I have been around for several console launches. Based on my last console launch purchases, one might mistake me for an Xbox fanboy.
As I have grown older, I have become more discerning as a consumer. ‘Shiny and new’ is no longer good enough to guarantee that my wads of cash will flow through the system, at least on Day One.
We have come to learn that it is a near foregone conclusion that most things that require online services during a large scale launch will fail on some level for some customers on Day One. This was certainly the case last night for some new PS4 owners and I am sure some Xbox One customers will not be lucky enough to go completely unscathed in some fashion next week.
With these two new consoles, the PS4 and Xbox One, there really is no single system selling game, at least for my money. Everything is a mishmash of games available on PC, previous generation consoles (Call of Duty, Battlefield), or just standard launch title fare (Knack, Ryse). If Ryse ends up being a 10 out of 10 classic, I will have no problem eating my words. Take away shiny, new, and fanboyism and I do not see any compelling reason to slam down my hard earned cash for either system.
It is then not surprising, the move I made this week. I took the money I had set aside for the console launch (read: Xbox One pre-order) and diverted it to a much needed gaming PC upgrade.
This is the first time I ever changed direction so quickly, decisively, and so late in the game at a console launch, but I have to admit it was an easy decision considering the facts, or lack thereof.
Fact 1. Microsoft has been very mum, to a fault, about sharing information and specific details about its new console. So much so, that I could not tell you if I would be happy with it out of the box or not. I suspect I might, but too many questions were left unanswered. Some answers have been found, but most of them were not available on Microsoft's own website. I guess no one really cares about the IR Blaster's full capabilities? Microsoft could really benefit from writing up an Ultimate FAQ like Sony did. Instead, Microsoft has slowly trickled out tidbits here and there in videos. Why the holding back of such vital details?
Fact 2. What game is actually worth playing on either console? Resogun? And on the Xbox side, take into consideration the resolution limitations for the currently available titles. Is that really next gen? Sure, games still probably looks impressive, but there is something about knowing a game is running at 720p and wondering why I would not just play it on a 360 or PC. A few extra textures? At this point, I expect each generation to be magical somehow. It needs to wow me (Saying "Xbox on" is not enough), or what would be the point for the next 8-10 years? Regardless, it is tough finding the point on Day One this go around.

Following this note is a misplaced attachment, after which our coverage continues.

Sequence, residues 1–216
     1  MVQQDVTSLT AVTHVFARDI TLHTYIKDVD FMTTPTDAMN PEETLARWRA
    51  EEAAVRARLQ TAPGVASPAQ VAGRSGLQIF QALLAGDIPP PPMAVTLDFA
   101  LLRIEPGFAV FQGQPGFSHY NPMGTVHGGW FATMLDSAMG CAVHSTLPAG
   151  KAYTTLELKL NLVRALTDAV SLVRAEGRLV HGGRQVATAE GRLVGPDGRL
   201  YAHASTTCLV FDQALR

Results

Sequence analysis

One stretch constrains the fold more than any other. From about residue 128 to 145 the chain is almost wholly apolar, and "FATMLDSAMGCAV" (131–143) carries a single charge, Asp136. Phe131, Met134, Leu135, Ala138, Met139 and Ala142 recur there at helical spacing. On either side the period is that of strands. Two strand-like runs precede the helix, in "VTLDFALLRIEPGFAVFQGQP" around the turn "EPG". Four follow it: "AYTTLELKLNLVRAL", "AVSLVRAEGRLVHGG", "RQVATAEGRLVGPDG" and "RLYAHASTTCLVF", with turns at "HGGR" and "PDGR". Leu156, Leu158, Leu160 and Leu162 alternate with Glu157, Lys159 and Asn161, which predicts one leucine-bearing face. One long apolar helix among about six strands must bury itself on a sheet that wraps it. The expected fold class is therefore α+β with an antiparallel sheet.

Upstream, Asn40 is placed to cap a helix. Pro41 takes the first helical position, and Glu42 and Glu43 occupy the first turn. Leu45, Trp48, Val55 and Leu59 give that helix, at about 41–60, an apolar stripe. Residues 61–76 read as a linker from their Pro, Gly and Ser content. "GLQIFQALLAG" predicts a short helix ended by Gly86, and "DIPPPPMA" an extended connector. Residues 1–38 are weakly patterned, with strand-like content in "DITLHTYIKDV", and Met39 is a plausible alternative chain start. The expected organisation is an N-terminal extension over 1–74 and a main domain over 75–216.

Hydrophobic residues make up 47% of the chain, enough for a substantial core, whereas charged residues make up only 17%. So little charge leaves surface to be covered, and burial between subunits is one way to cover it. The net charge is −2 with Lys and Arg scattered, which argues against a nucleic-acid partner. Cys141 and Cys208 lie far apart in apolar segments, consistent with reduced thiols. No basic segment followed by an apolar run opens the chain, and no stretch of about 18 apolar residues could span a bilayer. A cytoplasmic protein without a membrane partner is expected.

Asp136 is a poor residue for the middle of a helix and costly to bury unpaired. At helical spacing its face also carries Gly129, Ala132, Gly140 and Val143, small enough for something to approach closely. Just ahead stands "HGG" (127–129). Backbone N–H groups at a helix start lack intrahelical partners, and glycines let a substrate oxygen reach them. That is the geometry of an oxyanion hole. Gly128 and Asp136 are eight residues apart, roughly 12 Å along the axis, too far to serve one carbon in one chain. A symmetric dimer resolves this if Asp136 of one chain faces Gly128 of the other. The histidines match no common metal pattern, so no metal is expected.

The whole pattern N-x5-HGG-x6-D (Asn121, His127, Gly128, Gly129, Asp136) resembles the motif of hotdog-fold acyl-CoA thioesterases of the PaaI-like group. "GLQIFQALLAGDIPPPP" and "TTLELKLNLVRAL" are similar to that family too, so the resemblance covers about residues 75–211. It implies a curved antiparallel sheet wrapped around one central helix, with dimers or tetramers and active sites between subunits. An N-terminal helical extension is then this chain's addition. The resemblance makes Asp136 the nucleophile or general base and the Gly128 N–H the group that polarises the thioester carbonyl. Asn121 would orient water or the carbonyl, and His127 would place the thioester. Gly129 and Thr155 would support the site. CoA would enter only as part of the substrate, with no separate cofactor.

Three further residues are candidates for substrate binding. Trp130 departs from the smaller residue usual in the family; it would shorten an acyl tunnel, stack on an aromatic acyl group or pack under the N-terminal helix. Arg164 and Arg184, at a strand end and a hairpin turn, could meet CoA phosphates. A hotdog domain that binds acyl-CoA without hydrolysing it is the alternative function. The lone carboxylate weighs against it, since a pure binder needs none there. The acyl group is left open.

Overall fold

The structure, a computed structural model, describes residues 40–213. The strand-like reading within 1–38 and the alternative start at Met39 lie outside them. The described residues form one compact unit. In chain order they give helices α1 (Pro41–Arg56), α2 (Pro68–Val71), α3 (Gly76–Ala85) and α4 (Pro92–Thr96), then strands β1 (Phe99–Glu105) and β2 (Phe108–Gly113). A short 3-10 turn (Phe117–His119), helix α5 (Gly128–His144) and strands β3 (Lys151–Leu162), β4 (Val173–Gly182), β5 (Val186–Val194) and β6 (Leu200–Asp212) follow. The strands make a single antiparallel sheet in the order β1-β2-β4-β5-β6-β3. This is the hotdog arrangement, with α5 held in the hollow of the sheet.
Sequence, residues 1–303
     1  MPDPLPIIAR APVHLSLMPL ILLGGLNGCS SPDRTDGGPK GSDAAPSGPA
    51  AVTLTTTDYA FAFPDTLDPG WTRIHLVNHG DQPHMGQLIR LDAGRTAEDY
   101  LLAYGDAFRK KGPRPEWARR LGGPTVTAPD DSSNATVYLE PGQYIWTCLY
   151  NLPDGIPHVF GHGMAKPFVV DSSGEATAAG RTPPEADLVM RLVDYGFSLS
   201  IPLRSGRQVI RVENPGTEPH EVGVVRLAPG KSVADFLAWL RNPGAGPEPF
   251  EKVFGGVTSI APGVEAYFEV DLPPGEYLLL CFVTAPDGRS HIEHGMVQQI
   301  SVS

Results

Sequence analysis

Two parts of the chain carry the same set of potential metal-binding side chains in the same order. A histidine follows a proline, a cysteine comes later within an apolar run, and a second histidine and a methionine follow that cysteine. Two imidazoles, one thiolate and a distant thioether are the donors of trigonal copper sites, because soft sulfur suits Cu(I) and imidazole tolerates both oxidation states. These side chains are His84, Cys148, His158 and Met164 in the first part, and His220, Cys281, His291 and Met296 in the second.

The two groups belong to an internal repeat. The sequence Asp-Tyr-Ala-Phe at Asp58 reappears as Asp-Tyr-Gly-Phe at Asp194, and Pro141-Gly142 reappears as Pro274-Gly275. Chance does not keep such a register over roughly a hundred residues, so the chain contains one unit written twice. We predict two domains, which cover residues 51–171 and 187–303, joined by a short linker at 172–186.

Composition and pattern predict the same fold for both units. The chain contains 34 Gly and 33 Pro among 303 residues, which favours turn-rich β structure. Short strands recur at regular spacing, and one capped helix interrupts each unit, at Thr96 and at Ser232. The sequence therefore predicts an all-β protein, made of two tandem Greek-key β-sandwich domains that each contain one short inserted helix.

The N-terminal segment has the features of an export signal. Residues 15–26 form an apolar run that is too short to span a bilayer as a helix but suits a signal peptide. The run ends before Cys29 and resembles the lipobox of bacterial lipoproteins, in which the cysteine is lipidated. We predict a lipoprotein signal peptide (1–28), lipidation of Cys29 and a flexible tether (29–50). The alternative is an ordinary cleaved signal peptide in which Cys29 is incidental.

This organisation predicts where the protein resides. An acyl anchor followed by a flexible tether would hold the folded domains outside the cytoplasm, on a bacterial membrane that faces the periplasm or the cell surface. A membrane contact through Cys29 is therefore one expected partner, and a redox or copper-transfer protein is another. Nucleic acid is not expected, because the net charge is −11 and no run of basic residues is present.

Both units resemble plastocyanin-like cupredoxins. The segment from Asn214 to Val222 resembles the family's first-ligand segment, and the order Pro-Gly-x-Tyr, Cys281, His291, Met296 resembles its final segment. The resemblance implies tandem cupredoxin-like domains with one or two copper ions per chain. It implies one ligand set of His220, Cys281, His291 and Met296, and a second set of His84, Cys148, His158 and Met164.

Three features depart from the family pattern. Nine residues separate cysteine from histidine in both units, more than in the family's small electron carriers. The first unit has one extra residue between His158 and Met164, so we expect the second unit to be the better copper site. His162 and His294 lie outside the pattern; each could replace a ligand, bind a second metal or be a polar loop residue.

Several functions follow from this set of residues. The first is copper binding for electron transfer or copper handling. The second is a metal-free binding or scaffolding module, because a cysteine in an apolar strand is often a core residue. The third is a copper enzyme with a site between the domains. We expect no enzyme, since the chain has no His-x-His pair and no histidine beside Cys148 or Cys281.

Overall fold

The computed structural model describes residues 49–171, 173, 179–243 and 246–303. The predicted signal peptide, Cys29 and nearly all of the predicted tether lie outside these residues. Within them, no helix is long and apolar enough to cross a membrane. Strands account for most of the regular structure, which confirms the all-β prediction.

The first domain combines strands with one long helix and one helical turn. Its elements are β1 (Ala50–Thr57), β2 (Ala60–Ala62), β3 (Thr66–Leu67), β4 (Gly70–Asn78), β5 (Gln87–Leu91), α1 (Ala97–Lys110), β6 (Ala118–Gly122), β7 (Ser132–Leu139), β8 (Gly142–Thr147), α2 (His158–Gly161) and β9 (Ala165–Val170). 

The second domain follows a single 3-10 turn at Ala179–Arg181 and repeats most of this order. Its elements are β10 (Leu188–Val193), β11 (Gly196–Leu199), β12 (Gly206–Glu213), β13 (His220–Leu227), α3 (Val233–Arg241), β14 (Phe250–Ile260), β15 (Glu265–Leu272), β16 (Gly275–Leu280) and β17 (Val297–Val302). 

Fact 3. I have spent the most money on games this year via Steam. The biggest reason for this is that Steam has ridiculous sales that save gamers tons of cash. In addition, halfway through the year, I stopped buying things on the Xbox Live Marketplace knowing I would not be able to carry my library forward to the ‘One’. You will notice an Xbox Marketplace launch game Powerstar Golf that is retailing for $20. I cannot tell you if this game will be worth $20. I also cannot tell you how much value that $20 will give me in a couple weeks during the Steam Sale, but I can venture to guess I will be able to buy at least 5 “known great” games that I actually want.
With these ideas in mind, I could not come up with a good reason to justify buying either console on Day One. The PS4 was a longshot from the beginning and looking at its unorganized UI (I am certain a 'sort by' feature will be added to the games list in a future update), I could not imagine myself using it as is. I am sure I will eventually get an Xbox One (unless Titanfall underwhelms, although playing Titanfall on PC is always a viable option).
So I wonder, what could have all but assured that myself and other people like me would have plunked down the cash for something shiny and new on Day One this year?
1. Some form of backwards compatibility (even severely limited). I would have been happy playing older, good games on a new console (read: Meatboy, Geometry Wars, etc.)
2. The proper and detailed divulging of details that would allow consumers to make an informed decision on an unknown and unproven piece of hardware. I had to scour the internet to find answers to my questions and some of them are still remain answered.
3. Better launch titles. Everything that seemed remotely interesting to me will not be available until at least next year. Watchdogs, Titanfall, Thief, The Division, etc., ad nauseam.
Both consoles appear to have a somewhat bright future, but for now, I am absolutely convinced that I am not missing out on anything... yet.